April 17, 2018
For your prayer and reflection this week:
Religion and Immigration: Which Direction Are We Moving In?

I want to share with you more about the February trip I took with 10 Brandeis students to learn about social justice at the US/Mexico border.

The Bible tells the Whole story of the people of God. It tells how God spoke to people, and how people have sought to listen. It tells the ways that God’s people have tried to follow the direction of love, and the ways we have fallen short.

I’m always shocked that the Bible tells the whole story- stories of inclusion and stories of exclusion; stories of violence and stories of healing. The Bible is the record of it all- good and bad. The Bible, as I see it, is divinely inspired, yet colored by our human limitations, perspectives, and biases.

Thus, to quote any particular verse from the Bible to assert “God wills this…” is problematic. To truly look at what the Divine wills, we have to look at overarching biblical themes, and not just single verses, which can easily be taken out of context.

What are some major social themes of the Bible? Liberation from slavery, as with Moses and the Israelites escaping Egypt. Care for the most vulnerable among us. Serve humanity for a more equitable planet. Treat others with kindness, care, and compassion. Be hospitable. Welcome the stranger. Care for the widow and the orphan, and for anyone who has been marginalized by society.

These are just a few of the overarching social themes in the Bible. They point to religion when it is at its best. They point to religion when it is used in the service of love.

Most of us are keenly aware how often religion has not been used in the service of love, both in the Bible and in religious communities across time and culture. The Israelites who are freed from bondage in Egypt wage holy wars to enter the promised land. God is seen as the Commander in Chief using violence towards this end.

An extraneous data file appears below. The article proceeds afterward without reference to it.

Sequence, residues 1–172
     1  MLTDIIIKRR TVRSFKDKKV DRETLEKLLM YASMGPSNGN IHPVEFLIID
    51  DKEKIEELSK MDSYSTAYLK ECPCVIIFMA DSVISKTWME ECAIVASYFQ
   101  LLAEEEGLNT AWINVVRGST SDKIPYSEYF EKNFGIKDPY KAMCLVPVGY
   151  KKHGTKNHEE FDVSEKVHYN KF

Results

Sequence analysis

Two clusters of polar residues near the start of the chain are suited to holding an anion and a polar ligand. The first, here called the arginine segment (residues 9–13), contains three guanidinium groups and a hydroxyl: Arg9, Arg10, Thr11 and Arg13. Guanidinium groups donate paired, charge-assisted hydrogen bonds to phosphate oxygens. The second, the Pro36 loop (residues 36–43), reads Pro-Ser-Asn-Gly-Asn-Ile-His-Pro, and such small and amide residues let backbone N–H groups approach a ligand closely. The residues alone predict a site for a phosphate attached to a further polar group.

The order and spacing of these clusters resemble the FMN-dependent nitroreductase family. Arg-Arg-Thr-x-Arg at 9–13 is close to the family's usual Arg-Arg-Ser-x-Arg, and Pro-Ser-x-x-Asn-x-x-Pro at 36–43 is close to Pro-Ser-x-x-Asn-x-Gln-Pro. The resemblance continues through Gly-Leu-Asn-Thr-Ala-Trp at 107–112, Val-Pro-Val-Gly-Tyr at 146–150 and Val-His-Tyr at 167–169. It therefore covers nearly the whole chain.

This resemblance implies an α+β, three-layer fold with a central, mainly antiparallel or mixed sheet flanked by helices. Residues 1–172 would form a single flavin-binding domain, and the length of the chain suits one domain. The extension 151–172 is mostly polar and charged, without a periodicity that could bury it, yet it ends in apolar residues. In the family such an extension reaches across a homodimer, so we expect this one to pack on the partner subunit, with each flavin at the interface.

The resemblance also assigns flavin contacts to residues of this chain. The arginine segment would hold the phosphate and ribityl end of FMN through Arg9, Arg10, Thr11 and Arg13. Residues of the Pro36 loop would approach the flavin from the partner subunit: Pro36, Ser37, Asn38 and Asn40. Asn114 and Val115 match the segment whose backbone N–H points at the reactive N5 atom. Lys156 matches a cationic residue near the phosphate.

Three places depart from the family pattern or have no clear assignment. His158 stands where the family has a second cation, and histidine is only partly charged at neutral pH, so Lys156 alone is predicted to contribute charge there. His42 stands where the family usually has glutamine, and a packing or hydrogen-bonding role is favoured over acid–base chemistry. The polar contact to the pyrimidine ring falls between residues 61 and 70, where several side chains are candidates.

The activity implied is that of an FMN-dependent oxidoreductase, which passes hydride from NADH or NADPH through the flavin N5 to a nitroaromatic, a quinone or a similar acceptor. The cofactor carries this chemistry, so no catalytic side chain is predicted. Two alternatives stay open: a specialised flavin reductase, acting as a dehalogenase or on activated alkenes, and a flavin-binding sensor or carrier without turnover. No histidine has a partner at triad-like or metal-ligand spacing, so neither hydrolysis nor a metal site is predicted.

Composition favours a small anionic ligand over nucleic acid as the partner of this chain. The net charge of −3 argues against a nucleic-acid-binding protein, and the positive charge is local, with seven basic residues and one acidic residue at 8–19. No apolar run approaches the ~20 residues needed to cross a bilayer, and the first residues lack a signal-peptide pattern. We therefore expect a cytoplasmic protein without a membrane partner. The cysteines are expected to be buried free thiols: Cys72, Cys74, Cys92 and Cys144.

The New Testament, like the Hebrew Bible, has passages rooted in exclusion, violence, and fear. Slave owners in the 19th century cited verses from the Pauline letters to justify slavery. To this day, pastors and denominations cite New Testament scriptures as justification for women not taking positions of ordained church leadership.

All of this weighs heavily on my mind having recently returned from the US/Mexico border witnessing the realities of migrants and our current government immigration policies. What I witnessed firsthand is a country held in the grip of fear-based policies related to immigration and migrants.

First, let’s be honest with our history. The U.S. history of immigration has been rooted in white privilege and supremacy. For hundreds of years, our country legalized the slavery of African-Americans, all the while committing genocide on the Native American population. Since the abolition of slavery, white privilege has continued to dominate our country with Jim Crow laws and the new Jim Crow of the prison-industrial complex and the war on drugs.

Our country passed the Chinese Exclusion Act in 1882, and legally held Japanese people in internment camps during the Second World War. While our borders have gotten stricter and tighter, historically we have loosened these reigns only when it benefitted us economically, such as during the labor shortage of World War Two.

I pray that if you are white-skinned like me, you haven’t already tuned out. Being white in America means learning to live with the discomfort of what our ancestors did and supported, whether actively or passively. It does no good to say, “Well, it wasn’t my grandparents or great-grandparents that wronged the Japanese or held slaves.” Our ancestors can no longer apologize or make amends to those they’ve wronged. Today, if you have white skin as I do, you are the beneficiary of centuries of oppression and violence towards all non-white populations. This is the uncomfortable truth that we must face as we look squarely in the eye to the reality of race and immigration in our country.